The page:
|Minister of Public Works|
28 April 1993 – 9 May 1994
|Prime Minister||Carlo Azeglio Ciampi|
28 June 1992 – 27 April 1993
|Prime Minister||Giuliano Amato|
17 September 1925|
Christian Democracy (until 1992)|
Olive Tree Coalition (1996)
|Alma mater||University of Pisa|
Francesco Merloni (born 17 September 1925) is an Italian industrialist, engineer and politician who was a member of the Christian Democrats. He served as the minister of public works from 1992 to 1994. He led the Indesit company until 2011.
Early life and education
Merloni hails from a family who founded the Merloni group and created the brand, Ariston, among the others. He was born in Fabriano on 17 September 1925. He holds a degree in industrial engineering from the University of Pisa in 1953.
After graduation Merloni began his career in the family company, Merloni, in 1954 and worked there until 1972. From 1972 to 1998 he was elected to the Italian senate. He was a Christian Democrat senator until 1992. He also served as a member of the Parliament. In the elections of 1976, 1979, 1983 and 1987 he was elected deputy with the Christian Democrats.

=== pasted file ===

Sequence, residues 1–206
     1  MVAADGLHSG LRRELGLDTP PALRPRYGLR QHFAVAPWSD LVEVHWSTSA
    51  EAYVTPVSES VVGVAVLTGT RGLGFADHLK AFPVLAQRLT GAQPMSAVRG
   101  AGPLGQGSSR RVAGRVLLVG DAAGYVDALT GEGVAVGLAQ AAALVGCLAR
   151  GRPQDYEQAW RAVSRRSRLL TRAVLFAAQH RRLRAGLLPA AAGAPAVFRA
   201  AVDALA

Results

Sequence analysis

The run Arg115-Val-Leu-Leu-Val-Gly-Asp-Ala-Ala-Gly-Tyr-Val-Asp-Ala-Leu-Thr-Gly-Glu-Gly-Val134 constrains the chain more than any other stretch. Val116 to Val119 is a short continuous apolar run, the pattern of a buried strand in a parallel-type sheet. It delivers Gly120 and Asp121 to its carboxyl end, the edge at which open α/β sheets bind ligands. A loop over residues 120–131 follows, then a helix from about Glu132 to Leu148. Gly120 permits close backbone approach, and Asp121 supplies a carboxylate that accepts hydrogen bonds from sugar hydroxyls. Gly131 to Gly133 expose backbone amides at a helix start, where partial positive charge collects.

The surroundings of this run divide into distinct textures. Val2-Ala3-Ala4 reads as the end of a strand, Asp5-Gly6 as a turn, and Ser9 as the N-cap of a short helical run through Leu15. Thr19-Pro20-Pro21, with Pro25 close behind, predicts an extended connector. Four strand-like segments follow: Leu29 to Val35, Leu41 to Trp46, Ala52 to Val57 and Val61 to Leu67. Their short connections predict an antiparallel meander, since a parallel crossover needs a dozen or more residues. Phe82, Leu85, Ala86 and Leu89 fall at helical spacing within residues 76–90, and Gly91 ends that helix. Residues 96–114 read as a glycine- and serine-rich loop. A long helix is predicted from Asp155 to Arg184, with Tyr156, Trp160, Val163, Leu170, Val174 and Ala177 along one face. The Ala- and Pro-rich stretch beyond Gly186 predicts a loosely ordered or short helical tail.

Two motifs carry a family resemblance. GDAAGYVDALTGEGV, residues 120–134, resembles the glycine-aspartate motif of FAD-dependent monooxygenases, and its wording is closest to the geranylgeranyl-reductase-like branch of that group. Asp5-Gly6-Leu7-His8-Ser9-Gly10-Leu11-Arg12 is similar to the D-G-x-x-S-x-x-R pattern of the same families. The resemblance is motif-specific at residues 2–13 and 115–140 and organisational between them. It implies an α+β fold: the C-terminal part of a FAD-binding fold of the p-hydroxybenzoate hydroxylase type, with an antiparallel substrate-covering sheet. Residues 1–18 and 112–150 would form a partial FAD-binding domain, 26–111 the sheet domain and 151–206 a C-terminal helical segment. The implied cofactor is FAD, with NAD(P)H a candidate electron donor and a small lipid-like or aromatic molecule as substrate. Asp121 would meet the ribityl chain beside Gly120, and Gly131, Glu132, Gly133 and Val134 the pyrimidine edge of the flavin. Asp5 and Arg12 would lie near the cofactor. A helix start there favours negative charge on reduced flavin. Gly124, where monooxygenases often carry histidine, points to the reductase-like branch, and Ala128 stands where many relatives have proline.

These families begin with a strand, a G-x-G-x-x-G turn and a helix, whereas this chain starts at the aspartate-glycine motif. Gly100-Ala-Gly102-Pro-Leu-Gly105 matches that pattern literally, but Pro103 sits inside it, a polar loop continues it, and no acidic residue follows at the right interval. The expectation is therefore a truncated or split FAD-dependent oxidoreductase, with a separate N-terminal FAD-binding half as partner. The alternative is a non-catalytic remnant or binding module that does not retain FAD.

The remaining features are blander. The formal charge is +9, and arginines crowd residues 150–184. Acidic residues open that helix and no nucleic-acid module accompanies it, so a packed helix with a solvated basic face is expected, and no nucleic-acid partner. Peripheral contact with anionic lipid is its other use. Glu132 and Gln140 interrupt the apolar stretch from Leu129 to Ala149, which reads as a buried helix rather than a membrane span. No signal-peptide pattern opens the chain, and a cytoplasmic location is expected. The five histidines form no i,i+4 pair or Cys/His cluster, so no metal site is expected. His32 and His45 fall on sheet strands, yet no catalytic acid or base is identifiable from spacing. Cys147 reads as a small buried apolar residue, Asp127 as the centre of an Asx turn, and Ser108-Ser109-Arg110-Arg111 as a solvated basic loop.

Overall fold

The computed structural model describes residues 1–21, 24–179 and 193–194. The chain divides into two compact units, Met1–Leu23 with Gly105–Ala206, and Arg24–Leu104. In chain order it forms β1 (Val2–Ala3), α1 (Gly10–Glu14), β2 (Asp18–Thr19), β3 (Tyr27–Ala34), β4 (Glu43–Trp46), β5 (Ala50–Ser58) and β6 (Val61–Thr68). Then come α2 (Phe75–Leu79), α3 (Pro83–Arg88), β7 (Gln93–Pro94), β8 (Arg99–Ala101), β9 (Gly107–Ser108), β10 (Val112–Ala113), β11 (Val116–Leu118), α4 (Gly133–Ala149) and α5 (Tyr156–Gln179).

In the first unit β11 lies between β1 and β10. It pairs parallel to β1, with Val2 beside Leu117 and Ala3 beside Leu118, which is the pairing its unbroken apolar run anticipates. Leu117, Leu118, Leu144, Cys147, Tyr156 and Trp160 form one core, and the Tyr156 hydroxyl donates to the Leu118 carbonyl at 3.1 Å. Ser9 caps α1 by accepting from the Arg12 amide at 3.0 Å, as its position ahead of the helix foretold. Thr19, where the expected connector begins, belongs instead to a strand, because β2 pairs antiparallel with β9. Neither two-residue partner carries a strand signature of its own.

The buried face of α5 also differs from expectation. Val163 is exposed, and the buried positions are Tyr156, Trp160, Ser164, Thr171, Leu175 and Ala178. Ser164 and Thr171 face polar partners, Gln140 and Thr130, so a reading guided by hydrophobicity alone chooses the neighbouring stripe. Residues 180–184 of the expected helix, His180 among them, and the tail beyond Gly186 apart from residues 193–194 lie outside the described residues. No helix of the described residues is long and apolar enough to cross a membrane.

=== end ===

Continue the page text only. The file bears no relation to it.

He was the public works minister in the cabinet led by Prime Minister Giuliano Amato from 28 June 1992 to 27 April 1993. He retained his post in the next cabinet led by Prime Minister Carlo Azeglio Ciampi from 28 April 1993 to 9 May 1994. In the 1996 elections, he was elected to the Parliament with the Olive Tree Alliance.
He led the Ariston Thermo Group until 2011. He is now the Honorary Chairman. In addition, he is the president of the "Aristide Merloni" Foundation, the national president of the UCID (Christian Union of Entrepreneurs and Managers) and vice president of AREL (Research and Legislation Agency).
Honors and awards
- "Energetic People". Itogi (33): 24–27. 19 August 2013.
- "Francesco Merloni". Italian Senate. Retrieved 8 September 2013.
- "Indesit Co Spa". Bloomberg BusinessWeek. Retrieved 8 September 2013.
- "Merloni Francesco". Who's who in Italy. Retrieved 8 September 2013.
- John Tagliabue (10 March 1993). "Italian Energy Chief Held in Scandal". The New York Times. Retrieved 8 September 2013.
- "People Moving".
- "Dettaglio decorato". Italian Presidency. Retrieved 8 September 2013.